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Steven VanRoekel Wants IT Operating Funds Moved For New Programs

As the federal chief information officer, Steven VanRoekel has stressed that his primary goal in office is to reduce the amount agencies spend on technology operations and maintenance.

Those funds could then be diverted to new projects, he said, according to NextGov.

Agencies have typically funded new projects through additional budget allocation rather than reducing day-to-day operational expenses.

VanRoekel, who GovConExec named a federal official to watch in 2012, told attendees of the FOSE 2012 conference Tuesday that the previous strategy led to a 7 percent annual increase in federal information technology spending during the decade leading up to 2009.

The government’s IT spending has stayed at around $80 billion a year since President Barack Obama took office in 2009.

Other CIOs have taken the approach of cutting IT system maintenance spending to fund new projects.

Department of Homeland Security CIO Richard Spires included a 10 percent operating spending cut for his department’s 2013 budget request to make way for new initiatives.

The Defense Department’s IT budget for 2013 includes a $1 billion decrease and VanRoekel attributed that cut to the government’s data center consolidation efforts.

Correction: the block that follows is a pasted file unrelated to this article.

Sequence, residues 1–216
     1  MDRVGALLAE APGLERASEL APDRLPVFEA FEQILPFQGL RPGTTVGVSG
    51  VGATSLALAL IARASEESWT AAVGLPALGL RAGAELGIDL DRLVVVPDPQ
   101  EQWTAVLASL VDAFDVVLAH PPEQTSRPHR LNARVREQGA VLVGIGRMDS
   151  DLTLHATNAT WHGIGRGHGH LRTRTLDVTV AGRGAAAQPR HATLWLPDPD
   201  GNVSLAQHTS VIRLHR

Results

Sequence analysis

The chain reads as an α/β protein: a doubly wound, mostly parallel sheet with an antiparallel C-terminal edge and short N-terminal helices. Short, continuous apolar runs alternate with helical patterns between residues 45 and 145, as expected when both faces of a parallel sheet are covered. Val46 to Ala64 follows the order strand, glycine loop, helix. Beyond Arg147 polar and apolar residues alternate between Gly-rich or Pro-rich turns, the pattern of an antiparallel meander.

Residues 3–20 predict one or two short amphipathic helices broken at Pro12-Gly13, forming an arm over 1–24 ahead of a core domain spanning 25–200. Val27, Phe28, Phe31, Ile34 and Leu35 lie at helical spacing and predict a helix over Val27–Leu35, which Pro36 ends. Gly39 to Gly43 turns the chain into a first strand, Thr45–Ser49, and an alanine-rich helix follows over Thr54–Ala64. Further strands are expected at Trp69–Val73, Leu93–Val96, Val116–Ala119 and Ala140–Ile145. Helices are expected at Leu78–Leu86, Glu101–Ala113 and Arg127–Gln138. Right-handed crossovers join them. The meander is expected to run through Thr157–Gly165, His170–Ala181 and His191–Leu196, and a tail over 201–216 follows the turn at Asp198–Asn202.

Initiatives to close or consolidate federal data centers shifts funding toward cloud computing services, VanRoekel said.

This effort also weeds out duplications and makes room to fund new programs, he added.

Another strategy VanRoekel wants to use to keep track of duplicative programs is through the PortfolioStat program introduced earlier this week.

PortfolioStat is an agency wide IT portfolio management tool modeled after the TechStat program.

The program allows federal CIOs and chief operating officers to examine agency operations and identify which services could be shared across agencies more easily, VanRoekel said.

VanRoekel said the Agriculture Department’s email system and mobile phone contract system consolidations are examples of shared service efforts.

The Pentagon is considering similar moves, including consolidating several agency email systems.

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